Whether you’re an aspiring figure skater or cyclist, the mental resilience required to win gold in the greatest sports competition on Earth is the same. In a recent study, a team from Loughborough University spoke with 12 Olympic champions across a range of events and found they all possessed a unique mental toughness characterized by five unique attributes:

  1. Positive personality: Each gold medal-winning athlete had an openness to new experiences, was conscientious, competitive, optimistic and proactive.

  2. Motivation: Top athletes are motivated by multiple internal and external factors. While they have a passion for the sport, they’re driven to prove their worth so choose to compete at top level.

  3. Confidence: Their confidence is gained from a range of sources, from experience and self-awareness to visualization and coaches – this means a set-back in one area won’t hold them back.

  4. Focus: The ability to concentrate on the process rather than the outcome and self-reflect without distraction.

  5. Social support: They have a strong support network and believe high quality support, whether from family, coaches or teammates, is just a phone call away.

Wednesday, July 11, 2012

Fill a Glass Half Empty

Everyone experiences frustration. Your plane doesn’t arrive on time, your business doesn’t perform as expected, people’s attitudes disappoint you. You try to solve a problem and no resolution is in sight. Frustrations happen when expectations go unmet, but by changing your perspective, you can transform frustrations into solutions. Here are three ways to fill a glass half empty.
  • Think Better: James Dyson knows frustration. It took 15 years and 5,126 prototypes for him to create the bagless vacuum cleaner, and through his Foundation, kids are learning how to turn frustration into engineering innovation. In Dyson’s view, if anyone really believes in something and wants to make it a reality, that person must think better. And he’s right. So-called ‘logical thinking’ doesn’t lead to real advancements. You’ve got to think smarter and make lots of connections.

  • Reframe The Picture: The best businesses are born of frustration. Richard Branson, tired of poor airline experience, decided he could do better. The result? Virgin Airlines. Ask yourself what you have learned from your experience. Now turn the sentence around and make it a positive statement. Is there an opportunity you can capitalize on?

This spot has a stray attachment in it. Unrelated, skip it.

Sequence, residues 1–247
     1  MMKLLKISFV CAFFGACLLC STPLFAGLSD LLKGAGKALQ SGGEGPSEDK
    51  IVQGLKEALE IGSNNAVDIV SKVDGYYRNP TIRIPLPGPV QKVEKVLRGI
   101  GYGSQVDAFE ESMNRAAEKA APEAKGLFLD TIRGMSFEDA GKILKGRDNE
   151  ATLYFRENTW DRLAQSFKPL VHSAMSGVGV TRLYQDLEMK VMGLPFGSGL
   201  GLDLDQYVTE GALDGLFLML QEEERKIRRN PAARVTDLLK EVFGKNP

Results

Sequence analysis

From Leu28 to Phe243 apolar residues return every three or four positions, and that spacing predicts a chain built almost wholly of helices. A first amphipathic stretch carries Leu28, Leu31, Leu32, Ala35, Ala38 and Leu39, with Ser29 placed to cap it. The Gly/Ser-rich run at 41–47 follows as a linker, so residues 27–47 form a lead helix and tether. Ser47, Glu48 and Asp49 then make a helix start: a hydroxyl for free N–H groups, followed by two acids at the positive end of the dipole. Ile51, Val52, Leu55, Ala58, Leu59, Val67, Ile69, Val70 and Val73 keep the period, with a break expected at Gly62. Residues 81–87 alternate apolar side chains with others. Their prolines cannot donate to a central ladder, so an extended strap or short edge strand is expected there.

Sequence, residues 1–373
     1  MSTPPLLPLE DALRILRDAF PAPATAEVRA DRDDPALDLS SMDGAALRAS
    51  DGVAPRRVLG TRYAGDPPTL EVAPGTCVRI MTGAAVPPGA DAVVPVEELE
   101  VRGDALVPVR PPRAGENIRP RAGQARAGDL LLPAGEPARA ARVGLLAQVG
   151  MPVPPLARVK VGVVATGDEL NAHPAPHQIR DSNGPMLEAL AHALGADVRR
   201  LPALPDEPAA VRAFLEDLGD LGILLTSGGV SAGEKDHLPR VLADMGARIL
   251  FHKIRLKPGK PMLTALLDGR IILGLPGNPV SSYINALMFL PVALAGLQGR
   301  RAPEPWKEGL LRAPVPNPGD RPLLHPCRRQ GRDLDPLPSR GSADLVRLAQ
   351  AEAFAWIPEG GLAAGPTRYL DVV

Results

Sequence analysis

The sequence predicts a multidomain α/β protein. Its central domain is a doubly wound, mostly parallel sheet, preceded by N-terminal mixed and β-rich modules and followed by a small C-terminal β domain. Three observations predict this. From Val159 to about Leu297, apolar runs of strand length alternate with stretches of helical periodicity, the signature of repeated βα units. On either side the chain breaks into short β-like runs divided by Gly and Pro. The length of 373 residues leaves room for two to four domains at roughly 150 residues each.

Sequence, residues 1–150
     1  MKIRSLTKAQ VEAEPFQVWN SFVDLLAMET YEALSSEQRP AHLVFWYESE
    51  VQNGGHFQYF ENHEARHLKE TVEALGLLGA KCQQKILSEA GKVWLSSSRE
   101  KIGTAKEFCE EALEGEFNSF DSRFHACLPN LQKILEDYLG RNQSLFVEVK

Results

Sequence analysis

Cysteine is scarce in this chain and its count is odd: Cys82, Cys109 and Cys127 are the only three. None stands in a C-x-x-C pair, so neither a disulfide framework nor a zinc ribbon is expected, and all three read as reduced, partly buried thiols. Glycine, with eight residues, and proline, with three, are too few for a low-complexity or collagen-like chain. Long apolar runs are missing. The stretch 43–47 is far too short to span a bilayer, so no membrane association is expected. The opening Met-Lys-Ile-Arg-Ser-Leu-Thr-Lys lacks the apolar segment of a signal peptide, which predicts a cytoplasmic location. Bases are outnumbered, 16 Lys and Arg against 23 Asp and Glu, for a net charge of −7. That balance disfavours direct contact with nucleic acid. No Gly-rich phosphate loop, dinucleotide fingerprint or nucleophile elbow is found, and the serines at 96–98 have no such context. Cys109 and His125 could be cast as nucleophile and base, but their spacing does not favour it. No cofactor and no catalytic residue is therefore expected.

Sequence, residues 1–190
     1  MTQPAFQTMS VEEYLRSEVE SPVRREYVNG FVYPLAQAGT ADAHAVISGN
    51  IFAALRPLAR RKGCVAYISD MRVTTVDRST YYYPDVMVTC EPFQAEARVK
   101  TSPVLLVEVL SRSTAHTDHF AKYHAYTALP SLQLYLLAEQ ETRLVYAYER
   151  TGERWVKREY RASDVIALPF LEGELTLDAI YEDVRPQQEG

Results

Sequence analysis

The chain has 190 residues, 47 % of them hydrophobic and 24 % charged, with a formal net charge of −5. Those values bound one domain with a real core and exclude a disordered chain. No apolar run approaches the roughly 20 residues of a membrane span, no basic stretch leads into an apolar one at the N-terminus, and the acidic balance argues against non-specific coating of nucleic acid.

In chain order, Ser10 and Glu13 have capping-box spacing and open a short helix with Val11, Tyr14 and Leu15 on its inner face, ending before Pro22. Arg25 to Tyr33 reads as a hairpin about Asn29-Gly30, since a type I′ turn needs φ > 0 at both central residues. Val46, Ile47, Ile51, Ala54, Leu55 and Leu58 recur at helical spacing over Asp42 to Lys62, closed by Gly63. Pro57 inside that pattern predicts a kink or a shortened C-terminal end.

• Do One Thing. When Saatchi & Saatchi decided to go True Blue, we encouraged people to make one small change in their lives. Then do another. Small actions add up to make a difference. Look at what you can do, and break it down again into smaller steps. By the time you know it you’ll feel like you’re working towards a solution and not falling under frustration.

Tuesday, July 10, 2012

SOCCKET – The Power Of Play

In my opinion, the best kind of innovation is one that makes change easy - and fun. It has a low impact on the environment, is simple to use and scalable. The SOCCKET, a soccer ball that doubles up as an energy source, is a prime example. It’s an ingenious invention from two Harvard students that harnesses the kinetic energy of play to charge a power source in the form of a soccer ball.

The ball is made of recycled material, cheap, portable and can be used as a safe source of energy. Kids can play with the ball all day and return home with enough power to charge up lamps and water filters. Kudos to Jessica O. Matthews and Julia Matthews, the inventors of the SOCCKET, for their mission to use the world of play to make a genuine difference in the world.

Monday, July 9, 2012

There Is An I In Team

Mark de Rond is a professor of Strategy and Organization at Cambridge University's Judge Business School, where I was CEO in Residence for several years. He’s just released the book There Is an I in Team: What Elite Athletes and Coaches Really Know About High Performance that looks at the learnings that business can learn from the world of professional sport and how focusing on individual potential elevates team performance. 

Richard Hytner, Deputy Chairman of Saatchi & Saatchi Worldwide, penned the Foreword to the book and recommends it as being readable, teachable, innovative and insightful.

According to Mark, here are six ways to up pump up your team performance:
  • The best teams are made up of individuals.
  • Know your limits. How much are you willing to tolerate – even from your most talented team members?
  • “Star performers” are great but be mindful that everyone has their unique strengths. Amazing talent is not transferable.
  • Team players need to be aware that what may work for them as individuals doesn’t necessarily work in a group.
  • Tension within the team may be uncomfortable, but that isn’t the same as dysfunctional.
  • Create an open environment where people can have their say.

Thursday, July 5, 2012

An Elephant In The Room

There’s no place like India, and to visit is to be surprisingly uplifted. So too is a recent report on Lessons for Corporate Sustainability from India, produced by Saatchi & Saatchi S, and arising from some intrepid exploring by two of our S men, Adam Werbach and Andrew Bryson.